The great Indian election waste

Last Updated: Mon, Apr 21, 2014 03:48 hrs
Made in India EVMs in demand abroad

India is not the world’s smartest democracy. It is merely the largest. Size can dwarf sense, which in turn makes us focus on scale and miss the real problem: India is stuck. The soul of our democracy, as the Election Commission points out, is the conduct of elections. True.

It is also the biggest nightmare of our democracy. The logistics and management become knottier by the election, partly because we don’t change. We are on our way to Mars but we still find it tough to go beyond the physical structure of a polling station.

This has implications. An election in India is not just about a vote. It involves people who logically shouldn’t be within a mile of a vote.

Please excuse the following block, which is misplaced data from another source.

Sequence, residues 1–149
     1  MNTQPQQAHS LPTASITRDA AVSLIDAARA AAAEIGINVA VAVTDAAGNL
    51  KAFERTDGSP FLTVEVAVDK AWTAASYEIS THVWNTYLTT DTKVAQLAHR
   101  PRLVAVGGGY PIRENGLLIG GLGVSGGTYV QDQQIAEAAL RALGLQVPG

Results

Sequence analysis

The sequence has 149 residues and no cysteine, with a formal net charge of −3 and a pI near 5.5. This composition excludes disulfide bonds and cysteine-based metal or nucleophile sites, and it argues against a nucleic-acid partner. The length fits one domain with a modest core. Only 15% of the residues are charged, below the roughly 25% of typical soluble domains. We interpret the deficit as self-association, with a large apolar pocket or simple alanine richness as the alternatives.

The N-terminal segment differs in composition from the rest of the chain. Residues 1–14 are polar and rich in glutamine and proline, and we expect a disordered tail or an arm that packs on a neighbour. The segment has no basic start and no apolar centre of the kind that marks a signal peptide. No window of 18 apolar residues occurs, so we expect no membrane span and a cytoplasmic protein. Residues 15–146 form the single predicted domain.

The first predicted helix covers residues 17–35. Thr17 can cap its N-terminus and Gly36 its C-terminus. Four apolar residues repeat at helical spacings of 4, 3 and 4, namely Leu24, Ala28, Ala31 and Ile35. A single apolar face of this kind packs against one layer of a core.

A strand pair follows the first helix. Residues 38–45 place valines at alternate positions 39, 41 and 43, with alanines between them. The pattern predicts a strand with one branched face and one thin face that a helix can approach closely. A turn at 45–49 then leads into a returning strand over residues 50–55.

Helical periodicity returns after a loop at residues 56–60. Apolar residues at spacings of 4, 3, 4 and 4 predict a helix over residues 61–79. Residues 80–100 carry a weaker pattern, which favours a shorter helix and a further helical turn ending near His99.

We need central armed police forces and the state police because polling stations are classified by risk – what they call the vulnerable factor. The feet on the ground cost money, and they come after long meetings involving chief secretaries, Directors General of Police and home secretaries.

You need to mobilise, deploy and disengage forces. This is a complex process that involves planning, skill, money, equipment and intelligence network.
We need police nodal officers in states and districts who go around as observers, basically keeping an eye and hoping that nothing goes wrong.

They cost fuel, vehicles, time, energy, manpower, food, communication and even weapons at times.

We need schools and embassies because they serve as polling stations. We need teachers who double as polling officers. Teachers are not trained to risk lives, which is partly why they do not intervene in the interiors and rural areas when men accompany women into a polling booth and vote for them.
This happened in Haryana and other northern states, as it probably will in other areas.

This doesn’t help the cause of democracy because it’s not a real vote. The women might choose differently if they are allowed to.